Arnold Eisen’s inauguration as the chancellor of the Jewish Theological Seminary last fall has generated a fair amount of excitement in the Jewish world. As the first non-rabbi to serve in the role in more than 65 years and one of the leading sociologists of American Jewry, he is widely seen as bringing a fresh perspective to his leadership of the Conservative movement’s flagship institution.
So far, his statements about intermarriage have been encouraging, but I’m really enthused about what he said in this recent Q&A with the St. Petersburg Times. His response to a question about intermarriage is so positive that I want to share its entire text:
What is the rate of intermarriage among Jews and Christians in America ? Is it increasing and is it having an effect on Judaism in this country?
The rate of intermarriage has apparently stabilized somewhere in the 40 percent range. It is similar or even less than the rate of intermarriage among other ethnic populations in America. I don’t think that single-minded focus on intermarriage is a terribly good thing.
The problem is not intermarriage per se, but the loss of Jewish commitment that often, although not always, results from intermarriage.
The challenge facing Jews is to welcome non-Jewish partners, make them part of the Jewish community, reach them with Jewish teaching and Jewish ways of life, and hopefully convince a significant number of them not only to raise their children as Jews but to become Jews themselves.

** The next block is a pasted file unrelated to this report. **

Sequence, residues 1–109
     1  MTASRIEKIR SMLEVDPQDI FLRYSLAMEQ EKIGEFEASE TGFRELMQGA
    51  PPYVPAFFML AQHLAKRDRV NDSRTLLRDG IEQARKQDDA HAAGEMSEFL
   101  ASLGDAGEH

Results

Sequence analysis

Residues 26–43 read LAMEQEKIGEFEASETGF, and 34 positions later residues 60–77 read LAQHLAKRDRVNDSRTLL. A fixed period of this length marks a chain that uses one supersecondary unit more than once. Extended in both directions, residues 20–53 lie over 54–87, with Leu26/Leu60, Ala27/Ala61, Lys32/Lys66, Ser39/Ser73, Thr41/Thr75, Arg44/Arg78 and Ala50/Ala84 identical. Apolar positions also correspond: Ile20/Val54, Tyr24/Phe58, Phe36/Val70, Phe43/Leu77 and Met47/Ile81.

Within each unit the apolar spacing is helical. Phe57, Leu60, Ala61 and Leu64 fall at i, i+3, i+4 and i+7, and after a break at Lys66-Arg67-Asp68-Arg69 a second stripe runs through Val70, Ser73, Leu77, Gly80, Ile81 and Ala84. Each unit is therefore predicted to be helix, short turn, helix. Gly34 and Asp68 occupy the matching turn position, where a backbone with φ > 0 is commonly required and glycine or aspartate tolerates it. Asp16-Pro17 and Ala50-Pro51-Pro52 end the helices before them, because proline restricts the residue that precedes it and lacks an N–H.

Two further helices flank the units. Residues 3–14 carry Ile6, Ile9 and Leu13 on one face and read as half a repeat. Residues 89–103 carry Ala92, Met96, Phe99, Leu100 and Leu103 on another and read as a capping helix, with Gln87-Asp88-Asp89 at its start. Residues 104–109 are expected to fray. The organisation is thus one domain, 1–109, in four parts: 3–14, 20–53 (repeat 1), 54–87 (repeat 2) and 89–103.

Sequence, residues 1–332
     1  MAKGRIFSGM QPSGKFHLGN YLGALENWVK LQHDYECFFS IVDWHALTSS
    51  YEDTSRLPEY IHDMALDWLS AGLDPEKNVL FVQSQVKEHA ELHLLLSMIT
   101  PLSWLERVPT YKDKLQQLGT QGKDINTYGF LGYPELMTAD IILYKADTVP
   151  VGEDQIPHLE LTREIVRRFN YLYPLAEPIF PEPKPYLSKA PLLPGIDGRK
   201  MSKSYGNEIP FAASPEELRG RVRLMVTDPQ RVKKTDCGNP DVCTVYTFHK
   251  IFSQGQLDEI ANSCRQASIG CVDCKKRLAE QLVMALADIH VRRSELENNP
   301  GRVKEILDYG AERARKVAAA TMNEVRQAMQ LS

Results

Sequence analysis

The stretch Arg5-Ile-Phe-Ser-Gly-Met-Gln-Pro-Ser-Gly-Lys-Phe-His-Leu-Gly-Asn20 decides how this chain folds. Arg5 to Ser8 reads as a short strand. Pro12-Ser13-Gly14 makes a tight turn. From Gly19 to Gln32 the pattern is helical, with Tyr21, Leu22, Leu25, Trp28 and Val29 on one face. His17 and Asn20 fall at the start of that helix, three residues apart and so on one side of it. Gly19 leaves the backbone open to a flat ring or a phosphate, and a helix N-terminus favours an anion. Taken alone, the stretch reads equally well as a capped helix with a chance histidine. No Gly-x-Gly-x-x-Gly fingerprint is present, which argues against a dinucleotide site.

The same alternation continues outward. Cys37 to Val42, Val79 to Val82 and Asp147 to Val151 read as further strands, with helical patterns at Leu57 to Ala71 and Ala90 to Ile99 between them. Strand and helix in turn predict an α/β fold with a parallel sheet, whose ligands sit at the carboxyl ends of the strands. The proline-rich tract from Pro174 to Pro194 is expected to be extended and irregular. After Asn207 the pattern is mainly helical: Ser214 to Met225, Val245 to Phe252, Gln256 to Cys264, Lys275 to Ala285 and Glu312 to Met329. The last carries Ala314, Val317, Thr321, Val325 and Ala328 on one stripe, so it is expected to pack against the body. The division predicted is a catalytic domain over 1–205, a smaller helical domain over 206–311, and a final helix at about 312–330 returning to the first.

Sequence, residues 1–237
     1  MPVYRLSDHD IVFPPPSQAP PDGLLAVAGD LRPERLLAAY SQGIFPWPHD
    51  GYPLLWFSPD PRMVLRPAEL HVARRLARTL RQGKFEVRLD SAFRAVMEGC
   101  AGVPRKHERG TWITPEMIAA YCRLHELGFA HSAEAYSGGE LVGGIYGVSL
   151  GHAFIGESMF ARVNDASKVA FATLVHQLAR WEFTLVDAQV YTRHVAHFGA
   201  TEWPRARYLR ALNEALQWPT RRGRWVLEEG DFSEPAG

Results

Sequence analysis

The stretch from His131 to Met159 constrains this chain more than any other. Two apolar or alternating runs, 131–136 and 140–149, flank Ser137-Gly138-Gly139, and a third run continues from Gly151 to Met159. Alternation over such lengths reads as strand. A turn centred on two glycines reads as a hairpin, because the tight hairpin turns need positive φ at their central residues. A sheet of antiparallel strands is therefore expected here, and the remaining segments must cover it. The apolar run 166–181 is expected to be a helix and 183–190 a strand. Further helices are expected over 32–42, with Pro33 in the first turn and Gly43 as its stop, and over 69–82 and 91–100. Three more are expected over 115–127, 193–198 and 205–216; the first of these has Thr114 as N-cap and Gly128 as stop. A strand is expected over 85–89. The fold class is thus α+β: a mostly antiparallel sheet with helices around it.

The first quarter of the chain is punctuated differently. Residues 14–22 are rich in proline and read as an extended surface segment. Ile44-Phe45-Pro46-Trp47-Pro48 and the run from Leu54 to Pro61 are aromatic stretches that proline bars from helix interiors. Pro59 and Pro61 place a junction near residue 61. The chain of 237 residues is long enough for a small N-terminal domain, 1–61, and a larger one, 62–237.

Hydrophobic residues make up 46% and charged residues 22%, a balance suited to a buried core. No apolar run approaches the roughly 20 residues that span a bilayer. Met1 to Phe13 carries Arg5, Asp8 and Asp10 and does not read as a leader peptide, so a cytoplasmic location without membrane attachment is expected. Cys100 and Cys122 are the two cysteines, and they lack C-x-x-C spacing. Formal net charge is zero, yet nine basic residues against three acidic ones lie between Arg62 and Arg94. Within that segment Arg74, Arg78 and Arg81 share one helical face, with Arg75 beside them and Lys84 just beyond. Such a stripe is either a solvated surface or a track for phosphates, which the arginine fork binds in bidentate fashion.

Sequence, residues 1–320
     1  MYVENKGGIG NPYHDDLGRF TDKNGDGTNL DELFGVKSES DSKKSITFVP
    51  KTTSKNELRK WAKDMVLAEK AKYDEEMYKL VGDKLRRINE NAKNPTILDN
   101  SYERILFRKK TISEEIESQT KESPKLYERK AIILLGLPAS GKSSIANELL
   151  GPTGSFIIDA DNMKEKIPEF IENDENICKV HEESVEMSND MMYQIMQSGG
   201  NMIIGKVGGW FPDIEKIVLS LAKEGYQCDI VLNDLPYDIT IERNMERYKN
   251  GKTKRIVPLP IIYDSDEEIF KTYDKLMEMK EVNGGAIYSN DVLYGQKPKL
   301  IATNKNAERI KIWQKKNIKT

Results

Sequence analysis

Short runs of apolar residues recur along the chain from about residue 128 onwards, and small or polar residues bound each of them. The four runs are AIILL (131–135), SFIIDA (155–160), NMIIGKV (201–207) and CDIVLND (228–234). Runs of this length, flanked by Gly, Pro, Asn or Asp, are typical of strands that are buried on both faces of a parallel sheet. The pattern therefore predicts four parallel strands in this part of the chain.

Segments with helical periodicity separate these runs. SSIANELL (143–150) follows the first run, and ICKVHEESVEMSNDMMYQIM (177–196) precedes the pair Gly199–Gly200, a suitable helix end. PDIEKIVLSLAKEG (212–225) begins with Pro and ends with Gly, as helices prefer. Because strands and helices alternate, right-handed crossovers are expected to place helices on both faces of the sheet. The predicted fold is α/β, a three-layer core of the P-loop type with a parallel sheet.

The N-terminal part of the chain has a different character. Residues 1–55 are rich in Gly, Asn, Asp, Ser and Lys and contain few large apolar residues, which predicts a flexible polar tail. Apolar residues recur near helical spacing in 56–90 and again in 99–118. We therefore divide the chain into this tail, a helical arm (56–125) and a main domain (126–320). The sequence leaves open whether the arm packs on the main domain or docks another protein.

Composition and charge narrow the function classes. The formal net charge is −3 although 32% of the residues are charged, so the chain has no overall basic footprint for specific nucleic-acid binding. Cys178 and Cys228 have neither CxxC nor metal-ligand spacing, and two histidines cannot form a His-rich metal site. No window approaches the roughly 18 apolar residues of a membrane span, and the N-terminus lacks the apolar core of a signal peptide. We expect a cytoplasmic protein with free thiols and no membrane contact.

This dilemma cuts across denominations. It is receiving a particular amount of attention right now in Conservative Judaism, which can no longer afford the luxury of thinking intermarriage is a problem for Reform Jews or secular Jews. We now know that intermarriage is a fact in many Conservative congregations, and our task is to find ways of welcoming non-Jewish partners and family members at the same time as we can encourage them to fully join the covenant.
Do interfaith families have a place in Conservative Judaism?
Yes, is the short answer. Interfaith families do have a place in Conservative Judaism. But again, the focus should be twofold. …The word should go out that whether the non-Jewish partner or family members convert or not, they are welcome in our midst forever. They have hearts and souls and minds which can and should be reached by the teachings of Torah. They have wisdom and skills and love that can benefit our communities.
Having said that, though, one also needs to say honestly that both our experience as a people over three millennia and the commandments of our tradition urge us to urge them to seriously consider becoming fully a part of this tradition and joining in the covenant, and that means conversion.
I was particularly struck by his statement “The word should go out that whether the non-Jewish partner or family members convert or not, they are welcome in our midst forever.” That sends the message that non-Jewish family members are not flawed in some way, but are valuable contributors to the Jewish community. As he says, “They have wisdom and skills and love that can benefit our communities.” That kind of welcome–without conditions, with love and approval–is exactly the kind of response the Jewish community needs to exhibit towards the intermarried.
I look forward to seeing how his leadership will help push the Conservative movement further on the road to integrating intermarried families fully into the life of Conservative synagogues.
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